And as I said this year, this year of the 1920s and 30s is sort of a second chapter of the story I'm telling today. So let's start with eugenics. During the 1920s eugenics was understood as a means to manipulate natural selection within the human species. Eugenicists examined the heritability of traits and aimed for the planned conscious improvement of individual bodies, entire populations, and so-called races. So at its heart, eugenics was a reproductive project. It aimed to consciously control the reproduction of individuals, to affect the so-called improvement of the species. Of course, we know that eugenics always considered some people's lives is intrinsically more valuable than others. This was at the heart of racist and ablest eugenic sterilization laws that were first instituted in Indiana and 1907 and whose models were later adopted by the Nazi regime in Germany. The racist, anti-semitic and genocidal implications of eugenic ideas rightly led to the widespread condemnation of eugenics after World War Two. But I think what we need to remember, and as historical research tells us, in fact, during the 1920s and 1930s eugenics was actually an ideology of both the political left and the right. It was in a way that's hard for us to imagine today. It was widely accepted as a mainstream so called scientific framework, and India was no exception to this. Indian eugenicists argued that by intervening and reproduction, they could improve the health of the Indian “race.” I put that in quotes--always strengthen its citizens and counter the negative effects of imperial rule. During the 1920s eugenics as a kind of mainstream scientific framework in India met anti-colonial India nationalism as a dominant political ideology. This decade witnessed the remarkable growth of Indian nationalism as a mass movement, thousands and eventually millions of Indians joined the struggle against British rule. And at the same time, some of them began to imagine what an independent India free from colonial rule might look like. Important for our history, they began to recast reproductive politics as nationalist politics. Indian activist argued that by reforming reproductive practices, they could rebuild the Indian nation from the ground up. Reproductive reform would both prepare India for independence and ensure the new nation’s success on a world stage.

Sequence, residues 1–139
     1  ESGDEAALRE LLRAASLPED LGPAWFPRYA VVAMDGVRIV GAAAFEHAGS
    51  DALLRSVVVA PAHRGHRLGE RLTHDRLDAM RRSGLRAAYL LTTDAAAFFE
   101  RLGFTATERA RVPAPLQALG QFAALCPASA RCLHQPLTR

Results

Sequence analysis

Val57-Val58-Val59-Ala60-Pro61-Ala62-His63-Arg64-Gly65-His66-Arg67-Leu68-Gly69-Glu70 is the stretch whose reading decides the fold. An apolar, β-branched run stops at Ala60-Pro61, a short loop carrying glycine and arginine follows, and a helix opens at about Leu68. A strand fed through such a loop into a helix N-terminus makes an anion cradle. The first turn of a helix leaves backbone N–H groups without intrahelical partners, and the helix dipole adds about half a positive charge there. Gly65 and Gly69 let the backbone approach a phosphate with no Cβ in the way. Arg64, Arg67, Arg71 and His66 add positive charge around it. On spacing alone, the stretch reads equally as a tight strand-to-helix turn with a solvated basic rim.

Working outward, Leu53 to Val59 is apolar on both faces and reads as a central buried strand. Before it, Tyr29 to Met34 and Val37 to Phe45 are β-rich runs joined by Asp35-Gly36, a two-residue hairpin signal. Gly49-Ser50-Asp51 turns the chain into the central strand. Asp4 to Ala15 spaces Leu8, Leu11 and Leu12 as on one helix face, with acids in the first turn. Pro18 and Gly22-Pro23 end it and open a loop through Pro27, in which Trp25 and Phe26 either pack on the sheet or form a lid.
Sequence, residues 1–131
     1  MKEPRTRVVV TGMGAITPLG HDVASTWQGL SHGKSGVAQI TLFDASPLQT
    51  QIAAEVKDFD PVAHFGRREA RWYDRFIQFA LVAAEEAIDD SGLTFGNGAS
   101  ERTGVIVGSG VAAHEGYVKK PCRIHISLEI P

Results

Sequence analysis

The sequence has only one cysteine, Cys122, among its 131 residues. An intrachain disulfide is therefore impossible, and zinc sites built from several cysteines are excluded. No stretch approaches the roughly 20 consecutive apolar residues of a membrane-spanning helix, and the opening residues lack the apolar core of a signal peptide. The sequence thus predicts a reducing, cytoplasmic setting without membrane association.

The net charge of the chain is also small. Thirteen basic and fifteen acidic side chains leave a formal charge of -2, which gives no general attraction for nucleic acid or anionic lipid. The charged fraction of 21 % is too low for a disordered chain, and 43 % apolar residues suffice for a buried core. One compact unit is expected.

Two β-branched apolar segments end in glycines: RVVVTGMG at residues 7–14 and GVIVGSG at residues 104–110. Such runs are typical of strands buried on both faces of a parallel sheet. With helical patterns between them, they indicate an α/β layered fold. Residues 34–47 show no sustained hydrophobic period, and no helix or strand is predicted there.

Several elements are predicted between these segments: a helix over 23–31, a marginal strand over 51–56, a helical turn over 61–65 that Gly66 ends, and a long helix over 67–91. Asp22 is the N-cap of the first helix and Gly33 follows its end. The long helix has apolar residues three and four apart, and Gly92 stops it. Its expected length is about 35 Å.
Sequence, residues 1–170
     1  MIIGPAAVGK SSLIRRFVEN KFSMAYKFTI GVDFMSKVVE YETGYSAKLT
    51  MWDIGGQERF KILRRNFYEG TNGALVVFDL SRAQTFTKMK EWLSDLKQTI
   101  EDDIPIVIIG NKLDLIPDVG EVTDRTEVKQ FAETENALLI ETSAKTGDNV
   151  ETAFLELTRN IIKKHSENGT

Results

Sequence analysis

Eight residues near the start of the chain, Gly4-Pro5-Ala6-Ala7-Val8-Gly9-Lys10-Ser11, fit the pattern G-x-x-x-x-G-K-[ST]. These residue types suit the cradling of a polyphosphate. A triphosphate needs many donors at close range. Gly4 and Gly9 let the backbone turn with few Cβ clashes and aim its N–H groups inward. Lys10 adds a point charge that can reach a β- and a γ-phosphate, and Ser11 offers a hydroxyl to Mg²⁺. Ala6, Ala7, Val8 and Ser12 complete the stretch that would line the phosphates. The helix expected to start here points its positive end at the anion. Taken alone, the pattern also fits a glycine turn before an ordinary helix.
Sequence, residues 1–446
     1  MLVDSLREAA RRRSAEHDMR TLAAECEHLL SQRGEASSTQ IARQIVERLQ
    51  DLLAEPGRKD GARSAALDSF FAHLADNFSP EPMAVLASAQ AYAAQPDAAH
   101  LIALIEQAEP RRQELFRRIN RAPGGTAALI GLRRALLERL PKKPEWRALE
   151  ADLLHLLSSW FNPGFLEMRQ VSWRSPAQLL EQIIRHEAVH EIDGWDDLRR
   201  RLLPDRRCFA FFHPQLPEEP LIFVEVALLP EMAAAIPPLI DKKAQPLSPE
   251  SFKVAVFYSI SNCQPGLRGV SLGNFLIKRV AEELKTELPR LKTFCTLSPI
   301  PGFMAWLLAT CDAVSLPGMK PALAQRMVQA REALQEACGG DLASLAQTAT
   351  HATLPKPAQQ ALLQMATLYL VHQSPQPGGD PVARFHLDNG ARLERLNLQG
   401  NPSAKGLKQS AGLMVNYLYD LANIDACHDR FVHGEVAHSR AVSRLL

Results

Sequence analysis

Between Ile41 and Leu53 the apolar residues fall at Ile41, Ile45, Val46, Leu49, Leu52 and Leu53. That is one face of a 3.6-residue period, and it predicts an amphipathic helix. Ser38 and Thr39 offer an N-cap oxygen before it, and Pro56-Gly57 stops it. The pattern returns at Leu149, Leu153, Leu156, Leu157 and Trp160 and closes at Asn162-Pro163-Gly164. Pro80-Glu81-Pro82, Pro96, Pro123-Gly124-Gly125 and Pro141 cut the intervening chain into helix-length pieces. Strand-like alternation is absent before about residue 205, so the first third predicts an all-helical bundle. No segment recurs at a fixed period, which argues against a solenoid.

The feminist and nationalist Lakshmibai Rajwade already made exactly this point, when she called upon the Indian women's movement to endorse birth control. In her words, “If India is to take her place in the comity of nations she must produce men and women who will be worthy of that name. We must bring the science of eugenics into our practical lives.” And for Rajwade birth control was the only way to do this.
Women like Rajwade ushered in a new reproductive politics in India during the 1920s and 30s. Indian feminists, eugenicists, nationalists, scientists, and others, all argued for reforms in the customs around marriage, pregnancy, childbearing, and infant care. And importantly, birth control. In fact, this is how contraception entered into the realm of public politics in India. It became part of a nationalist project to produce healthier mothers and stronger citizens. This idea became the dominant position of the Indian feminist movement in this period. And here's an example from Hansa Mehta, who was president of India's largest women's organization, the All India Women's Conference in 1946--on the eve of Indian independence. And this is the sort of longest quote, so you'll have to bear with me.
Mehta said, “Woman shall have a right to limit her family. It is the woman who has to suffer bearing children, looking after them and bringing them up in a civilized way. The right to decide the family should therefore belong to her. Woman should be conscious of this right which she must learn to exercise for her own good, for the good of the family and for the good of the country. India is over-populated and its population is going up while her resources are limited. Unless something is done to check this upward curve of the population, poverty, starvation, and all the evils that follow in their train will be our lot.”
So, she was making two points. One is that birth control is a woman's right echoing back to Dhanvanthi Rama Rau’s speech in Bombay.